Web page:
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Argentine Demand For US Tourist Visas Soars

April 11th, 2012 | Categoría: Economics, Politics, Travel

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More and more Argentines are traveling to the U.S.

Demand for U.S. tourist visas has soared by around 50% over the past year, according to the embassy.

“Last year the U.S. received more than 500,000 visitors from Argentina,” the embassy said.

Visa demand is so high that the Buenos Aires embassy now ranks among the top 10 worldwide in terms of tourist visa applications.

On average, the embassy handles more than 1,300 visa application a day. To meet the increased demand, the embassy has opened a new processing center and hired additional personnel.

About a year ago it took approximately four months to get a visa interview. Now “the visa interview can be be obtained in less than a week,” the embassy said in a statement.

To pay for the additional personnel and run the processing center, the embassy said it is raising the B1/B2 tourist visa application fee to US $160 from $140.

“The new amount faithfully reflects the costs our embassy needs to recover under US law through the visa application fee,” the embassy said.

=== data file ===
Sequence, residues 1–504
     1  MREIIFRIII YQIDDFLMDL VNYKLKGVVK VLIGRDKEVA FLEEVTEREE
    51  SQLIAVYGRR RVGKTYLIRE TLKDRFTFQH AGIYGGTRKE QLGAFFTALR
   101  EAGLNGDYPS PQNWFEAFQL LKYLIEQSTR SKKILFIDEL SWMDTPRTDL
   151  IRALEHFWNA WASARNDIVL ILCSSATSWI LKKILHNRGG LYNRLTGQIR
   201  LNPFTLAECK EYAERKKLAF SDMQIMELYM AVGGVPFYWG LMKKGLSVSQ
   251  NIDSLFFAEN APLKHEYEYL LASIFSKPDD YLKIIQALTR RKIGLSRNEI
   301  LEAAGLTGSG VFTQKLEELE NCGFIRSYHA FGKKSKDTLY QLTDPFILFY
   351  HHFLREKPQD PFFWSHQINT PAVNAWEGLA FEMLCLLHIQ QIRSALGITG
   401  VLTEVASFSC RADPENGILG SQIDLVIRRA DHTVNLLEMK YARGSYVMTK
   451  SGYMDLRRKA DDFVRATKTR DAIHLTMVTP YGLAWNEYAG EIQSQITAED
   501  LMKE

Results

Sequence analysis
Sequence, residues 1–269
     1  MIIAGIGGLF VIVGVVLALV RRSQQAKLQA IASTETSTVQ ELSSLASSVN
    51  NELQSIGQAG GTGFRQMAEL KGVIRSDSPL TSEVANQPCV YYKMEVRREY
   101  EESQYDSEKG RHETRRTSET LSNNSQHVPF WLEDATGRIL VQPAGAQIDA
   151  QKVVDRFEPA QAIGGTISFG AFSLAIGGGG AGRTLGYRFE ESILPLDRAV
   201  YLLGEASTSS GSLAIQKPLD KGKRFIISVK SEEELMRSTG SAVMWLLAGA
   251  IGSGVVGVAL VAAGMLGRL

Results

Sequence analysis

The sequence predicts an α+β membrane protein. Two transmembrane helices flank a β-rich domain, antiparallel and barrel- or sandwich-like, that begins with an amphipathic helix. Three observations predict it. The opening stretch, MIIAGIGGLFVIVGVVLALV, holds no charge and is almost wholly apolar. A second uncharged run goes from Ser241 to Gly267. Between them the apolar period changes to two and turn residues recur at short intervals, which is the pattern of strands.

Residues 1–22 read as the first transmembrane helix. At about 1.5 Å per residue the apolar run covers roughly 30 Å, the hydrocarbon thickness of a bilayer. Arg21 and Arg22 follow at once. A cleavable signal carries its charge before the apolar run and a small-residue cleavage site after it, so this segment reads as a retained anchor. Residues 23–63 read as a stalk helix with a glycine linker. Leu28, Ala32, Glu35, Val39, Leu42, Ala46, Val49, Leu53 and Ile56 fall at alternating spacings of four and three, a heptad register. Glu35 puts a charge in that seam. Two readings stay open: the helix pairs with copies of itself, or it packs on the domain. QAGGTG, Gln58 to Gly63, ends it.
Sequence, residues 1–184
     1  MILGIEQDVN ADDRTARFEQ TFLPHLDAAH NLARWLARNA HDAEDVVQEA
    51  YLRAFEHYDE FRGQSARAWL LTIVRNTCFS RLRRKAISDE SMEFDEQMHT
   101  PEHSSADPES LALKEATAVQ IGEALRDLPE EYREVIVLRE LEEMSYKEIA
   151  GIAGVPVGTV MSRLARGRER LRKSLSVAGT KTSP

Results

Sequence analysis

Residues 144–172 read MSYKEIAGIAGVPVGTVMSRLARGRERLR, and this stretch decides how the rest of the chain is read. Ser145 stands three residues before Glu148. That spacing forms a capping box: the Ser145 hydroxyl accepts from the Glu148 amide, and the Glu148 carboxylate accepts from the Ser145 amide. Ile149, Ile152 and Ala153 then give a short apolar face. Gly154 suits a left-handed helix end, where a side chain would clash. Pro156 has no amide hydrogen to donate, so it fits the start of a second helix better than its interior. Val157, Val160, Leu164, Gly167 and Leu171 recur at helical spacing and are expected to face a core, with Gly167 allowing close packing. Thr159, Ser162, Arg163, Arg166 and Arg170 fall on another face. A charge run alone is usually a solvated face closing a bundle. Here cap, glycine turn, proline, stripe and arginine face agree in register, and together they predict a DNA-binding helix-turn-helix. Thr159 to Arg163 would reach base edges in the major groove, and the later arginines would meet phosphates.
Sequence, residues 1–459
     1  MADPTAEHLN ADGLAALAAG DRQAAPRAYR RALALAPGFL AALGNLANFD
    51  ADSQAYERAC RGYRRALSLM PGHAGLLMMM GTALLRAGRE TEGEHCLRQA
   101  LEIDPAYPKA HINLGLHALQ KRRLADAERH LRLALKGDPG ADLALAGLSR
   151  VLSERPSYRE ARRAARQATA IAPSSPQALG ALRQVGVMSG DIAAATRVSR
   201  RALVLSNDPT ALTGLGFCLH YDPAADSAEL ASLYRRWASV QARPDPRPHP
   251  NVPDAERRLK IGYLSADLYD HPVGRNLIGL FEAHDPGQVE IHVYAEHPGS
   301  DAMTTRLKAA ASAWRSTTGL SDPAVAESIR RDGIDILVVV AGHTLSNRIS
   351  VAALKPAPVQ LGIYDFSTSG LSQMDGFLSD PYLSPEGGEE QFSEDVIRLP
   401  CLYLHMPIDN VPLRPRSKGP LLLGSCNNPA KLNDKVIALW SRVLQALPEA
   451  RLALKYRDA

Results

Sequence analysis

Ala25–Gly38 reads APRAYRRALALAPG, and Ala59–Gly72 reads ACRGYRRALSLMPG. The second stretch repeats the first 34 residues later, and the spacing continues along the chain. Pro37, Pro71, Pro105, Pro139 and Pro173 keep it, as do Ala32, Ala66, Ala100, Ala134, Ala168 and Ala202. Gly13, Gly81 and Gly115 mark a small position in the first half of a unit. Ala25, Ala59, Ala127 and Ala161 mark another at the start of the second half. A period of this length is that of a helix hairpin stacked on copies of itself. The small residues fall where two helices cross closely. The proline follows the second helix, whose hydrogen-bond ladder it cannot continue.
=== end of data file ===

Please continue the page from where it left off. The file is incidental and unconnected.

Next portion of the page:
The embassy didn’t say why visa demand is rising, but tourism sector officials say rising purchasing power is one factor making it easier for Argentines to travel. Another is the fact that Argentines can now pay for plane tickets in quotas spread out over months or years.

One interesting trend is the “viaje de quince” — more and more teenage girls are flying with their friends and families to the U.S. to celebrate their 15th birthday.

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4 Comments

DaveNo Gravatar says:

Looks like we should expect the Argentine entrance fee for US citizens to go up soon too…

BryanNo Gravatar says:

The reason for the rising demand is definitely not a rising purchasing power but the increasing costs of going on holiday in Argentina. Nowadays, despite the exchange rate, lodging, food, tours, etc. are cheaper in the US than in Argentina. Also, the flight cost is “recovered” by the savings in purchased goods (clothing, electronics) in comparison to purchasing them in Argentina.

MarcosNo Gravatar says:

First of all, if not is not a rising in purchasing power the people wouldn’t be able to go to vacations. That’s a fact.
Then list the name of the top destinations in the US and put them in “most expensives ranking” and compare it against BA.
Granted, the electronics and and cloth is a good observation but I would see it like an “extra point” in the vacations. I wouldn’t visit NY just because I want something from GAP.

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